J2ME: Taking Asia to the Next Wireless Level
Growing up as a teenager in the 1980s, I recall the American preoccupation with the tremendous economic turnaround and job growth in Asia, specifically Japan. American politicians could always stir up sympathetic votes with dire predictions of the loss of American business. The reality, in retrospect, was that the Japanese preoccupation with improved manufacturing techniques (and the competition that ensued) only served to improve outdated American processes, and consumers became the primary beneficiary of these revolutionary changes.
Based on our recent experience, we can now recognize the Asian economic cycle of the 1980s and 1990s for what it was: a tremendous boom followed by a tremendous bust. Somewhere in between lies the equilibrium that mature markets seek.
Just as Asian markets such as Japan led the way with manufacturing initiatives two decades ago, they are currently setting the global pace for wireless data, particularly mobile commerce (m-commerce). Japan leads the pack with three major wireless services currently deployed and in widespread use: NTT DoCoMo's i-Mode, KDDI's EZweb, and J-Phone's JSky.
i-Mode is the clear leader and has become the global poster boy for those who are betting on the future of the "Wireless Internet." i-Mode currently has more than 40 million subscribers, a remarkable figure considering that i-Mode was first introduced in 1999. That total that makes it one of the most successful technology launches in history. DoCoMo's i-Mode service is now available in Europe and Taiwan and will be rolled out in the United States by AT&T Wireless in late 2002. DoCoMo and other Asian wireless carriers have also rolled out mobile Java applications (using both J2ME and iAppli, both of which I will discuss later in this article).
Before going into the specifics of the wireless Java flavors being used, I'd like to briefly examine why mobile services have been highly successful in Asia, while similar services are primarily viewed as failures in North America. Because i-Mode was the first successful wireless data offering from a major international carrier, let's examine that in a bit more detail.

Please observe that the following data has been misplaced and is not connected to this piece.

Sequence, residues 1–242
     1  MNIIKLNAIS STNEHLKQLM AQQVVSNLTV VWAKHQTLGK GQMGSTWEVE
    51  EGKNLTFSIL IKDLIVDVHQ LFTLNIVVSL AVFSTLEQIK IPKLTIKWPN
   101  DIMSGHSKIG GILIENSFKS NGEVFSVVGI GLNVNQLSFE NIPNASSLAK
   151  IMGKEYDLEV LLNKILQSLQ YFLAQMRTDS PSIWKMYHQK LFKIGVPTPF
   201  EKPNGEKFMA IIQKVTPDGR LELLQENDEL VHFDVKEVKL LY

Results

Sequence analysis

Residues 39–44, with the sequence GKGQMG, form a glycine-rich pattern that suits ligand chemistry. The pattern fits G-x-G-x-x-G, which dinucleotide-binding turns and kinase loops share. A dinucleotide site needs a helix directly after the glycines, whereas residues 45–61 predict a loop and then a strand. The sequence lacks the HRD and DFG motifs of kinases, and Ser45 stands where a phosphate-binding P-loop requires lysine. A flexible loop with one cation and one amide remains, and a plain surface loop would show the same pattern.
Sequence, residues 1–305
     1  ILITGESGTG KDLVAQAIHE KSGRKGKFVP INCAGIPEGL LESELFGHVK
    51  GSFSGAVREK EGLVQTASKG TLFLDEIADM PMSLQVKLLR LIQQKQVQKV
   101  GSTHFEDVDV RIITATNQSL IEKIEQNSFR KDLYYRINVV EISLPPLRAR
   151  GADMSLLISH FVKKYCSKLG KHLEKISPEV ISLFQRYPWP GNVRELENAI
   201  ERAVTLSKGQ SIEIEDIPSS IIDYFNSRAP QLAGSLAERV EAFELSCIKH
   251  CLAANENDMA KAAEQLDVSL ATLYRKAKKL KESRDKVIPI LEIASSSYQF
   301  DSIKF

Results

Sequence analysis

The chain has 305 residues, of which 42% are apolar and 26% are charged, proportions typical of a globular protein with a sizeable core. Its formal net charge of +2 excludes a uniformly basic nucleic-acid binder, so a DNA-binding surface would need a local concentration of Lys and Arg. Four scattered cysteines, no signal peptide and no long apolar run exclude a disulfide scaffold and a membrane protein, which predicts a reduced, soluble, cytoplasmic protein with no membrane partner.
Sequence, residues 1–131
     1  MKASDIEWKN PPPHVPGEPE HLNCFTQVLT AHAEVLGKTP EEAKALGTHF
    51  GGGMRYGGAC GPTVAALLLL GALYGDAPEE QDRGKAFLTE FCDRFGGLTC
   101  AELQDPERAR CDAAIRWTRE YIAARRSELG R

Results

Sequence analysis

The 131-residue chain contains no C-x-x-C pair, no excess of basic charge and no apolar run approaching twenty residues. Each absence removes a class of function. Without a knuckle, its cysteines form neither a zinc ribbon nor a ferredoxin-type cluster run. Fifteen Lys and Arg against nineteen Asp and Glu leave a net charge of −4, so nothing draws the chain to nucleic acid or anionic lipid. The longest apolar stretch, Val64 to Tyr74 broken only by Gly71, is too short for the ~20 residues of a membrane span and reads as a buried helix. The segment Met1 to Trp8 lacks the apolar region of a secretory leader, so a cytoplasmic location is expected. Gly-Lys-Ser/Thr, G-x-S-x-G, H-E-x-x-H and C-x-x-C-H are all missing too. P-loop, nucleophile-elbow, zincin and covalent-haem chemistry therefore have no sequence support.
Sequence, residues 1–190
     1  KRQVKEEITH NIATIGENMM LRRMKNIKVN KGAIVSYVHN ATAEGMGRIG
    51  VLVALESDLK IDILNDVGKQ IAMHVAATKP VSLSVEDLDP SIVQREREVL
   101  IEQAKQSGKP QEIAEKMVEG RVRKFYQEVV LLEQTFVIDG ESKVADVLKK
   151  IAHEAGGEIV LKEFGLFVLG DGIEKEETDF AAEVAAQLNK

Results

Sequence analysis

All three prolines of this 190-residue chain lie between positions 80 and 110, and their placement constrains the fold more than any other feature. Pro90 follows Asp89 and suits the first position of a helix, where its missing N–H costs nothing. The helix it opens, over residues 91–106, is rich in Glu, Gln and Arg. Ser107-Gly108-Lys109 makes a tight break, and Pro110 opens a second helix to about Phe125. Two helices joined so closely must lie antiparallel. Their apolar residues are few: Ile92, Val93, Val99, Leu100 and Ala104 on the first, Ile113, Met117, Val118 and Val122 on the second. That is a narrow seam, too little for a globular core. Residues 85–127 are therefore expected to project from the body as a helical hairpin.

Rewind back to 1999 and compare the North American wireless market to i-Mode's home base of Tokyo. In North America, the majority of users were accustomed to dealing with often spotty AMPS (analog cellular) coverage. As carriers began to roll out WAP portals and WAP browser-enabled phones (somehow managing to regularly trail their marketing efforts by as much as nine months), the majority of "wireless Web" content was offered through a carrier's portal (referred to at the time as a walled garden) and produced by the big online players: Amazon, Yahoo!, AOL, and others. No billing or mobile commerce-payment mechanism was in place that would allow a consumer to easily purchase items (including content or applications tailored for a mobile device). A few European carriers attempted rudimentary application provisioning, claiming as high as 80% of the revenue split with developers.
Contrast that environment with the world that i-Mode was born into. i-Mode services run on a packet-based network that offers a reliable 9.6kbps, always-on connection. Packet data, as opposed to circuit-switched data, can be more efficiently processed and metered, allowing a carrier to offer a pay-per-packet model rather than the more inexact pay-per-minute model. DoCoMo built the i-Mode service on e-mail, simplified HTML content (using Compact HTML, or CHTML), and HTTP. From the start, i-Mode phones supported 256 colors, making them immediately attractive to an image-conscious youth culture.
Developers eagerly supported the platform as DoCoMo offered to take only a 9% share of application revenues, based on the vision that it was better to have a small piece of a big pie. Throw in more than 100 million mobile customers and very pricey landline Internet access, and you have the makings of an explosive business. Of course, DoCoMo deserves credit for properly managing the rollout and subsequent growth of the service, even as it grows to include J2ME today.